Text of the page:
Magazine article Washington Report on Middle East Affairs

U.S. Opinion Polls Show Growing Support for Palestinians

Magazine article Washington Report on Middle East Affairs

U.S. Opinion Polls Show Growing Support for Palestinians

Article excerpt

Richard H. Curtiss is executive editor and Delinda C. Hanley news editor of the Washington Report on Middle East Affairs.

There is good news for Palestinians from recent opinion polls. Most polls from the United States, Europe, and even Israel, show growing support for a Palestinian state. U.S. numbers increasingly resemble European polls as Americans become more conscious of what the Israelis have done in the occupied territories.

Let's start with a CNN/USA Today/Gallup Poll conducted June 7 and 8. For the first time since last October, a plurality of Americans, 43 percent, said the United States supports Israel too much, while 40 percent said Israel gets the right amount of support. The poll showed only 10 percent felt the U.S. supports Israel too little, with the remaining percentage unsure. The Gallup poll was conducted in telephone interviews with 800 adults, with a margin of error of 3 percent.

Gallup characterized the figures in its latest poll as "a significant decline in a pro-Israeli point of view." It compared the new figures with a similar poll conducted in October 2001. Eight months earlier only 29 percent of Americans thought the U.S. supported Israel too much, while 58 percent said Israel received the right amount of support, and 9 percent felt Israel received too little support.

The same week that the Gallup poll results were released, an Anti-Defamation League (ADL) survey appeared. This annual poll showed an increase in American anti-Semitism in the wake of the Sept. 11 terror attacks.

The ADL poll found that 51 percent of respondents believed that the Bush administration had tilted too far in favor of Israel. Nearly 42 percent of Americans, characterized as the anti-Semitic sample, also said they believed that American Jewish leaders have too much influence over U.S. foreign policy. Only 11 percent of Americans who were described as holding no anti-Semitic feelings felt Jewish leaders had too much power.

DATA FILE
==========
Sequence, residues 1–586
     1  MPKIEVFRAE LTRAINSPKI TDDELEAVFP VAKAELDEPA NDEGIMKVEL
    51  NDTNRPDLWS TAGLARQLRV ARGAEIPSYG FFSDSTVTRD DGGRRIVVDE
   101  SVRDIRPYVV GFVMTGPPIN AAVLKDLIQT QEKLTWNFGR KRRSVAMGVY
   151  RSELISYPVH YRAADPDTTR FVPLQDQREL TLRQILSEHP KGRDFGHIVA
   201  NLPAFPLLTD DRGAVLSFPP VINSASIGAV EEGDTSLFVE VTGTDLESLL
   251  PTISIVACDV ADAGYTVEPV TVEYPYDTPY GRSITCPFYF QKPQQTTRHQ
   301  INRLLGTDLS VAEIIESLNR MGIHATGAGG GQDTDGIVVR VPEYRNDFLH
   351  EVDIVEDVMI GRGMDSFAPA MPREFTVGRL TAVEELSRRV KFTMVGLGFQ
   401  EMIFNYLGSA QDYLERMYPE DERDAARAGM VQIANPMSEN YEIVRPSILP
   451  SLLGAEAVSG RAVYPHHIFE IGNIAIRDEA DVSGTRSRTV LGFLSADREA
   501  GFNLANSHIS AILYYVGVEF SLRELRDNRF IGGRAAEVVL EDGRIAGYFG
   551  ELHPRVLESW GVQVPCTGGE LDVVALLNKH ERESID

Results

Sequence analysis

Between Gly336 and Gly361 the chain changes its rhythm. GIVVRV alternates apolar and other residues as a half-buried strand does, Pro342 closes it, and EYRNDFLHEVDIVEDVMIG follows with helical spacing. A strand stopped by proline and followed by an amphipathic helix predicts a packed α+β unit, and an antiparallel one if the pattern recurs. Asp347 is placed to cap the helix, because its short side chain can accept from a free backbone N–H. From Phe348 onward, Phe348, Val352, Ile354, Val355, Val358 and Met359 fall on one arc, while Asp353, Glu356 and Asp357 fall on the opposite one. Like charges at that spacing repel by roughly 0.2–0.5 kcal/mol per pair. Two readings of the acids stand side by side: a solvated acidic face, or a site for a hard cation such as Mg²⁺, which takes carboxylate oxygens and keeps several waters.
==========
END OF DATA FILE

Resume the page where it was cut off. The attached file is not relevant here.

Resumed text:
A CBS News Poll conducted May 13 and 14, 2002, a month earlier than the ADL survey mentioned above, asked respondents a similar question: "In dealing with the Middle East situation, do you think the Bush administration has been too supportive of Israel in its conflict with the Palestinians, has been too supportive of the Palestinians, or has treated both sides about right?"

This poll found 23 percent of Americans thought Bush was too supportive of Israel, only 7 percent thought Bush was too supportive of Palestinians, 48 percent thought Bush treated both about right, and 22 percent didn't know.

ABC and CBS News polls showed increasing support for Palestinians. A June 21-23 ABC News poll asked the following question: "Thinking about the Mideast: Do you think there should or should not be an independent Palestinian nation in the West Bank and Gaza Strip?" At least 45 percent agreed there should be a Palestinian state, 20 percent said there should not, and 35 percent didn't know. A CBS poll asked 685 adults nationwide the same question on July 8 and 9, 2002, with a similar result. Some 40 percent favored a Palestinian homeland, 31 percent opposed it, and 29 percent didn't know. When compared to a similar survey conducted in October 1991, the numbers had noticeably improved. In 1991 only 33 percent favored a Palestinian state, 46 percent opposed it, and 21 percent didn't know.

Another CNN/USA Today/Gallup Poll on June 21-23, 2002 asked, "Do you favor or oppose the establishment of an independent Palestinian state on the West Bank if the Palestinian government demonstrates that it can end the suicide bombings in Israel?" A whopping 74 percent of Americans said they favored a Palestinian state.

The July 8 and 9 CBS News Poll mentioned earlier also measured American support for the Palestinian leader. The poll asked: "The Palestinians are scheduled to hold an election in 2003. If Yasser Arafat is re-elected, should the U. …

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